Unquestionably one of the best films of the 1990s, Yimou Zhang's Raise the Red Lantern (Da hong deng long gao gao gua, 1991) is the type of movie practically extinct in mainstream American cinema. Leisurely paced but utterly engrossing, it's driven almost entirely by its rich characterizations and an exquisitely understated pictorial design. Co-winner of the Silver Lion at the Venice Film Festival and nominated for an Academy Award as Best Foreign Film (it lost to Italy's Mediterraneo, hardly justified), the film is an absolute must-see.
Fortunately, ERA's region-free remastered edition of this Chinese-Japanese-Hong Kong co-production does justice to Fei Zhao's sumptuous, award-winning cinematography, among the best of the last several decades.
Frequent Yimou Zhang collaborator Li Gong stars as university-educated 19-year-old Songlian, who in 1920s China agrees to marry into the wealthy Chen clan after her father, a tea merchant, dies. She becomes the "Fourth Mistress" to 50-something Master Chen (Jingwu Ma), his face obscured or seen only in long shots throughout the film. Each mistress lives in her own house on the lonely, palatial estate.
Steeped in tradition and ritual perhaps hundreds of years old, the mistresses await their master's bidding each evening: a red lantern is placed in front of the door with whom he will bed with that evening.
Adapted from Su Tong's novel Wives and Concubines, the story primarily revolves around Songlian's relationships with her three predecessors as well as her maid, Yan'er (Lin Kong), with whom the Master also sometimes makes love and who had dearly coveted becoming his Fourth Mistress. The First Wife (Jin Shuyuan) is, like the Master, in her fifties, past her prime and thus wielding little power in the household other than as its symbolic matriarch. The Second Mistress, Zhouyan (Cuifen Cao), is kind and sociable upon Songlian's arrival, while both Yan'er and The Third Mistress, former opera singer Meishan (Caifei He), treat the new arrival with open contempt when the Master isn't around.
Though initially not particularly happy with her arranged marriage, Songlian gradually looks forward to her master's attentions and becomes distressed when, after a time, its benefits are casually taken away as he moves from one bed to another. She has no love for him particularly, other than perhaps to satisfying her occasional need for sex (and, eventually, motherhood), but rather it's something else.
Essentially, the film seems to be saying that, confined to such a limited universe with little to do, virtually nothing of their own (the Master has her father's flute, a treasured heirloom, burned when he wrongly assumes it was the gift of an ex-lover), and their identity stifled - virtually the entire film takes place on the grounds of the Chen estate - the women are reduced to fighting among themselves for the meager compensations being the selected mistress entails: foot massages and the privilege of selecting the dinner menu, among other things.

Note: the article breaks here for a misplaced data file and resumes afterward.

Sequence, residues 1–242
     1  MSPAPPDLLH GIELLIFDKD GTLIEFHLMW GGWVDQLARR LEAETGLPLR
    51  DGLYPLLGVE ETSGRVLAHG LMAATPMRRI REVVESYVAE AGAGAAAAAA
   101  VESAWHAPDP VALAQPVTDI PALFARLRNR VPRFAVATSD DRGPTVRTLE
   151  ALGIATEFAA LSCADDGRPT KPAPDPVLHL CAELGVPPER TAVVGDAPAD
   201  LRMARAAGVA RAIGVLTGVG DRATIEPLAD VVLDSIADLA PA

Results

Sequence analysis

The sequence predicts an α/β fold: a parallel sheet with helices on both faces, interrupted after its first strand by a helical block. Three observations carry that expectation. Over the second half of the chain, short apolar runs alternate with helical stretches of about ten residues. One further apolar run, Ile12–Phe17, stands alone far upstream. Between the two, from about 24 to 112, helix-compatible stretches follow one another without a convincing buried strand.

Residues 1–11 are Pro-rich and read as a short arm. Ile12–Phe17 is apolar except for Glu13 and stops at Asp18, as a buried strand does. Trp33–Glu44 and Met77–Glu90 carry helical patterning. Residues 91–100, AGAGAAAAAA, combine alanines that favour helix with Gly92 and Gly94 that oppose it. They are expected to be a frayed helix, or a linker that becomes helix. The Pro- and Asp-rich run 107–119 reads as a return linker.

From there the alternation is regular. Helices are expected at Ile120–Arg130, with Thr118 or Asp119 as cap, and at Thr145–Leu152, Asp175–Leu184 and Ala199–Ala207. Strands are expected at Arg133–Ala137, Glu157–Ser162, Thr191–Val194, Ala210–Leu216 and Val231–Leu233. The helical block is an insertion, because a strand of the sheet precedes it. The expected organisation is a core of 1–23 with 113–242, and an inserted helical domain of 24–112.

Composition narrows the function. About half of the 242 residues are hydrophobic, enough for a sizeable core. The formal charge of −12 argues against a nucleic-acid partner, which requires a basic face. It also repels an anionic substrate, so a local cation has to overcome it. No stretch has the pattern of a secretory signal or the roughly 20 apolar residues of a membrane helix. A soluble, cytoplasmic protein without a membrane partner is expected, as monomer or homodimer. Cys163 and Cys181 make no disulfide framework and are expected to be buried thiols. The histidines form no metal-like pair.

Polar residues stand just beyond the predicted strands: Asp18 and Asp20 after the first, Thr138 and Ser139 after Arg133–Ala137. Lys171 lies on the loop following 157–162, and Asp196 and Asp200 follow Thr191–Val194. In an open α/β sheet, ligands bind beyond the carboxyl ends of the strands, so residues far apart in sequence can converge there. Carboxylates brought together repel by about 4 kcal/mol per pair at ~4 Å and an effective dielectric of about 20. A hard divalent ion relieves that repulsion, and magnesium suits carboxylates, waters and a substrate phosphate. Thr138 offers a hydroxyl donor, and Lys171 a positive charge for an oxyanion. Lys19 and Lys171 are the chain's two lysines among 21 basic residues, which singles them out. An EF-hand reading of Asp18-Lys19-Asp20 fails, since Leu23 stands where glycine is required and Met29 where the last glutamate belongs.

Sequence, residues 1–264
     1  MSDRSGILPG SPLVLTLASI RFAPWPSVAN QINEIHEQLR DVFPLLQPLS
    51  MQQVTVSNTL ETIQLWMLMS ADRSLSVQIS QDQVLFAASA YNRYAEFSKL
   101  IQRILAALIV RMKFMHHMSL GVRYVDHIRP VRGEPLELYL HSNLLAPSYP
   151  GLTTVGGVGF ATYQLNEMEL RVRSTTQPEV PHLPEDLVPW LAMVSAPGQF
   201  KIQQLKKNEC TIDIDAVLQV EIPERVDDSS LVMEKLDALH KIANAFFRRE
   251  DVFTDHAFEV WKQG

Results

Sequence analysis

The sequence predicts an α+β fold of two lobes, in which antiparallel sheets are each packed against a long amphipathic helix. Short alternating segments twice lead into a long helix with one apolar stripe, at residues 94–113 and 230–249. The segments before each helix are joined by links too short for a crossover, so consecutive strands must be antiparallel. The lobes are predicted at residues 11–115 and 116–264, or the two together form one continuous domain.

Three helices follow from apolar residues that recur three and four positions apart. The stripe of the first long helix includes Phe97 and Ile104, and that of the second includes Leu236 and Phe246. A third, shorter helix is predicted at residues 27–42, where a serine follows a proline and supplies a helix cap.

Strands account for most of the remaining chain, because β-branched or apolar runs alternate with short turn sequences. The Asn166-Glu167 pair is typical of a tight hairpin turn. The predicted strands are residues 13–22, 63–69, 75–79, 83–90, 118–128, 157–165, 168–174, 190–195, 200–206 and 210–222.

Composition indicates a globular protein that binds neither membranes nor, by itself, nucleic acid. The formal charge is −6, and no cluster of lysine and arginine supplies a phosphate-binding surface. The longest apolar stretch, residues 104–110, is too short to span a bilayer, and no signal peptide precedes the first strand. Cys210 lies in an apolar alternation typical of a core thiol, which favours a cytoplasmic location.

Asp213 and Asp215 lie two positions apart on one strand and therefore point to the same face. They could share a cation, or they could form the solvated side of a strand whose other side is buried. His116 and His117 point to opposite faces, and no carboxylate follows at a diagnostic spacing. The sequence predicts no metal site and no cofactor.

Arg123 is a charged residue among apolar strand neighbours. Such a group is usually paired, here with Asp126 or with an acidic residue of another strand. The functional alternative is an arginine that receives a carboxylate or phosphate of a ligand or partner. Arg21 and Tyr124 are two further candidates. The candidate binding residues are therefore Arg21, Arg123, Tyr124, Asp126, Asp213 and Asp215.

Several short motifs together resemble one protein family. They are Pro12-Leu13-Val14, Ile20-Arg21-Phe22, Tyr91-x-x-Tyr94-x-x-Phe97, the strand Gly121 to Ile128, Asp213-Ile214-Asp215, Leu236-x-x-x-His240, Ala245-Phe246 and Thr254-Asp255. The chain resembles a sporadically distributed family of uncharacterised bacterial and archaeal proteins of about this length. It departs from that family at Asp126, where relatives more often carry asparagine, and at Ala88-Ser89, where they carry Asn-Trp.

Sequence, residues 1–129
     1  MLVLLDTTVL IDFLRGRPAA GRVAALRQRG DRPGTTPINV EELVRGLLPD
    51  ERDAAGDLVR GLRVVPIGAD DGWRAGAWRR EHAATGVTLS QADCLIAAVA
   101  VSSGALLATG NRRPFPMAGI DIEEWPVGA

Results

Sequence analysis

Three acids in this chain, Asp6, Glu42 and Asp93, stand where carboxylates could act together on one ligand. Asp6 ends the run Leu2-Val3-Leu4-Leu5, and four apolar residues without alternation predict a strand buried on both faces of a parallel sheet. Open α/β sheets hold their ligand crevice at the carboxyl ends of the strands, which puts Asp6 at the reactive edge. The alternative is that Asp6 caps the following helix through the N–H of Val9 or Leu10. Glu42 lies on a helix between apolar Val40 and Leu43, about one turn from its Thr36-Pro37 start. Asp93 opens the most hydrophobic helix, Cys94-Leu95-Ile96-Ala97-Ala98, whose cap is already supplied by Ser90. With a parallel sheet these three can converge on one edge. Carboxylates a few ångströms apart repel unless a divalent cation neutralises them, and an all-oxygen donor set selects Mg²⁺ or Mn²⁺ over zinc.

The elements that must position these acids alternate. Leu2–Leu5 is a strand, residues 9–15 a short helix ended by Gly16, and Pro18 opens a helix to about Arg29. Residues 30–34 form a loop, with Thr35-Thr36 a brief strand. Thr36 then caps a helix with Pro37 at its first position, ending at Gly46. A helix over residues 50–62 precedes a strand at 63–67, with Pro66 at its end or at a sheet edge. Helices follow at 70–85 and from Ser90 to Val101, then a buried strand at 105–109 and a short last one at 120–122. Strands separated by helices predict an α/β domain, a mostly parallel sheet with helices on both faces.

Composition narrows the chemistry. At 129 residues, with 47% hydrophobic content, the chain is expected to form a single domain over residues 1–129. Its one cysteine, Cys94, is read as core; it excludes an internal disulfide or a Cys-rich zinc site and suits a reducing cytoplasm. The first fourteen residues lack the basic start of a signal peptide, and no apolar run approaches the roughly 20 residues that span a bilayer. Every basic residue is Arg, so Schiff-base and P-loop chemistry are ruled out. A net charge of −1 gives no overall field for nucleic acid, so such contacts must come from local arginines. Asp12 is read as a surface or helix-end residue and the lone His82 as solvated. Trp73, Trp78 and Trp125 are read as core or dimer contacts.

In the end they become so scheming and petty toward one another in trying to curry their master's favor that they're unable to see the extreme cruelty of the very arrangement, and his utter disregard for them as human beings.
The story has no illusions about the emancipation of these women. Though Songlian initially appears the fiercely independent, determined mistress who'll break the pattern of subservience (she carries who own luggage to the estate and insists on walking there rather than be driven in the family carriage), all her intelligence and assertion of her limited authority only makes her fall from grace that much more agonizing.
Video & Audio
ERA's all-region "Digitally Remastered Edition" of Raise the Red Lantern is at least the third release of this title, following the label's region-free version from 2001 that was not enhanced, and Razor Digital very poor unenhanced edition released at the beginning of this year. This new version is a stunner, 16:9 enhanced (at 1.77:1, approximating its 1.85:1 OAR), dual-layered, and progressive, nearly flawless. All this is absolutely essential because of Fei Zhao's incredible cinematography, which uses twilight much as Nestor Almendros had on Days of Heaven (1978) which those glowing orange-red lanterns used for visual punctuation.** The Dolby Stereo sound is just fine; subtitles supporting the Mandarin dialogue are available in English, traditional and simplified Chinese.
The only supplements are a spoiler-filled Chinese or perhaps Hong Kongese trailer, also 16:9, and a fairly impressive photo gallery.
Yimou Zhang's films, particularly Raise the Red Lantern, have introduced a very large number of western world audiences to Chinese cinema and culture. For their informative, fascinating depictions of rural country life, of familial and master-servant, peasant-official pecking orders and relationships alone his films would be worth watching. That they're also superb character studies that make you forget you're watching a movie and not there in the midst of it make them especially remarkable achievements. And ERA's remastered edition, though light on supplements, is a clear DVD Talk Collector Series title.
** Some critics, including Roger Ebert, have stated that Yimou Zhang's films from this period were shot in "three-strip Technicolor," but this is probably a mistake. Apparently the film was printed in IB Technicolor from a monopack color process, a printing method no longer used in America and Britain.
Film historian Stuart Galbraith IV's most recent essays appear in Criterion's new three-disc Seven Samurai DVD and BCI Eclipse's The Quiet Duel.